• QUEBEC: ELECTION — Pierre Karl Péladeau said in a Radio X interview Wednesday he favours the Parti Québécois charter of Quebec values to “protect our French language” and Quebec’s heritage. the charter is about forbidding Islamic veils and other conspicuous religious signs throughout Quebec’s public sector. Meanwhile, Windspeaker reports that First Nations in Quebec may hold their own independence votes in the event the Parti Québecois wins the April 7 elections and holds another referendum (GAZETTE, WINDSPEAKER).

  • VANCOUVER: PHS AUDIT — WITH THE DUST beginning to settle on the bombshell financial audit of the Portland Hotel Society, community leaders are beginning to speculate on the nonprofit’s future. As the Georgia Straight reports, PHS’s outgoing team of executive managers, headed by Mark Townsend and Liz Evans, had a reputation for pushing up against the government’s comfort zone on harm reduction and affordable housing programs (STRAIGHT).
  • VANCOUVER: PORT STRIKE ENDS — Truck drivers on strike at Port Metro Vancouver reached an agreement to end job action Wednesday evening. According to 24 Hours, The deal means an end to any attempts by the government to pass back-to-work legislation, which the drivers said they would have refused to obey. More than 350 unionized workers, represented by Unifor, and 1,200 non-union workers began walking off the job in late February over complaints about long wait times and low rates (24H).
  • WASHINGTON: MUDSLIDE — South of the border, in Washington, searches continue for nearly 100 missing people as the rural area continues to grapple with the mudslide disaster. The death toll was confirmed to be 25 Wednesday night — one more body was found during the day — with 90 people missing. The status of another 35 people is unknown (SEATTLE P-I).
  • USA: AID GROUP HOMOPHOBIA — Facing a storm of protest, the prominent Christian relief agency World Vision on Wednesday dropped a two-day-old policy that would have allowed the charity to hire Christians in same-sex marriages (GUARDIAN).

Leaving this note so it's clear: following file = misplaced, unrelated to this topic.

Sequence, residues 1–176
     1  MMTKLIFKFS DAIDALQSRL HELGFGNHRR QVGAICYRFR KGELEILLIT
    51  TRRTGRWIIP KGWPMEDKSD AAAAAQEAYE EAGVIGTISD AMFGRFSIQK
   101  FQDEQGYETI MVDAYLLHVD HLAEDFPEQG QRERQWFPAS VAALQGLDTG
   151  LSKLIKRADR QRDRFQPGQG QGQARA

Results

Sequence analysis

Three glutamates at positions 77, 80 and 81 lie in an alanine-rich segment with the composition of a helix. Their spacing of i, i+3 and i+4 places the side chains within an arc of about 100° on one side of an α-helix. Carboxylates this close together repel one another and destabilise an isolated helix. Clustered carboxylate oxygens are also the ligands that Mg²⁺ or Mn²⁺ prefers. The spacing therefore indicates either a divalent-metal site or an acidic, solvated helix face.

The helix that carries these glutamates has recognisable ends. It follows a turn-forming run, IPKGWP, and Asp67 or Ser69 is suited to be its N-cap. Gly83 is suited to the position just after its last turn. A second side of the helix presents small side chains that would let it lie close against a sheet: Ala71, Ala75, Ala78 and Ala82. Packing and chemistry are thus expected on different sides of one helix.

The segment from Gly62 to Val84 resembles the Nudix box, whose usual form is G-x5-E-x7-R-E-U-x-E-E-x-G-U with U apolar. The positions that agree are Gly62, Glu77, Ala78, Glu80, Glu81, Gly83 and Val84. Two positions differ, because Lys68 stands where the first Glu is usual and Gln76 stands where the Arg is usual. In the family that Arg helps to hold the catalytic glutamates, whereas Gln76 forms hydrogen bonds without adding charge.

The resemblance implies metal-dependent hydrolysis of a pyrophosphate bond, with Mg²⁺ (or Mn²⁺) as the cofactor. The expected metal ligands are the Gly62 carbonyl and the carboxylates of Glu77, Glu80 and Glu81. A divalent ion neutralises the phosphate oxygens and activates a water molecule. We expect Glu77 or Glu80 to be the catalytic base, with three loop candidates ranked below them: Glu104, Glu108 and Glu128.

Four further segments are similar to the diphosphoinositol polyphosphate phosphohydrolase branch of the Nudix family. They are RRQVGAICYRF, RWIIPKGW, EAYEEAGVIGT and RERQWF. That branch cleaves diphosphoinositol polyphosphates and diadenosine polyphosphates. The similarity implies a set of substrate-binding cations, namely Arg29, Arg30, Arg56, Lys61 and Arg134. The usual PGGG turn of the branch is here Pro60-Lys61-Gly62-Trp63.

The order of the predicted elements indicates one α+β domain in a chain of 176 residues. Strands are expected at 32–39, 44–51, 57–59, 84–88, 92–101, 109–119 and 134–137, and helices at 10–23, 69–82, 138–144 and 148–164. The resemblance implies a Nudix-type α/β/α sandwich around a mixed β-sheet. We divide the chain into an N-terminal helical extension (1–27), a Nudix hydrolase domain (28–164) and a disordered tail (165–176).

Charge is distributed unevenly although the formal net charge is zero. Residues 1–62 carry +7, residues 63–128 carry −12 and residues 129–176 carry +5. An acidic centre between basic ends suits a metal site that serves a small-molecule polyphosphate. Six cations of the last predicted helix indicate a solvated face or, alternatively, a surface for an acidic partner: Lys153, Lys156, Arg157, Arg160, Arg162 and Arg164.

• VENEZUELA: COUP ATTEMPT — The Venezuelan president, Nicolás Maduro, has added three generals to the growing list of people and entities he accuses of plotting against him. According to the Guardian, Maduro announced on Tuesday that his socialist administration had brought three air force generals before a military tribunal on charges of plotting a coup as anti-government protests continue across the country (GUARDIAN).
  • ISRAEL/PALESTINE: PEACE PROCESS — Amid fears the stalled Middle East peace talks are heading towards collapse, the US secretary of state, John Kerry, travelled to Amman on Wednesdayfor urgent consultations with the Palestinian president, Mahmoud Abbas. The Guardian reports that Kerry arrived in the Jordanian capital hours after an Arab League summit in Kuwait released a statement emphatically declaring that Arab leaders would never recognise Israel as a “Jewish state”, a key demand Netanyahu has made of Palestinians (GUARDIAN).
  • INDIA: RIGHTWING ELECTIONS — India’s main opposition party, the ultra conservative Hindu nationalist Bharatiya Janata party (BJP), will win a landslide victory in the coming election, its leader has said. According to the Guardian In an interview the BJP president said polls suggest the party and its allies could win 300 seats of the 543 being contested when the final tally is completed in May. The BJP’s prime ministerial candidate is the controversial Narendra Modi. Critics see him as a divisive extremist who, when chief minister in Gujarat in 2002, allegedly allowed or encouraged mobs to attack Muslims in towns across the state after a lethal fire on a train full of Hindu pilgrims (GUARDIAN).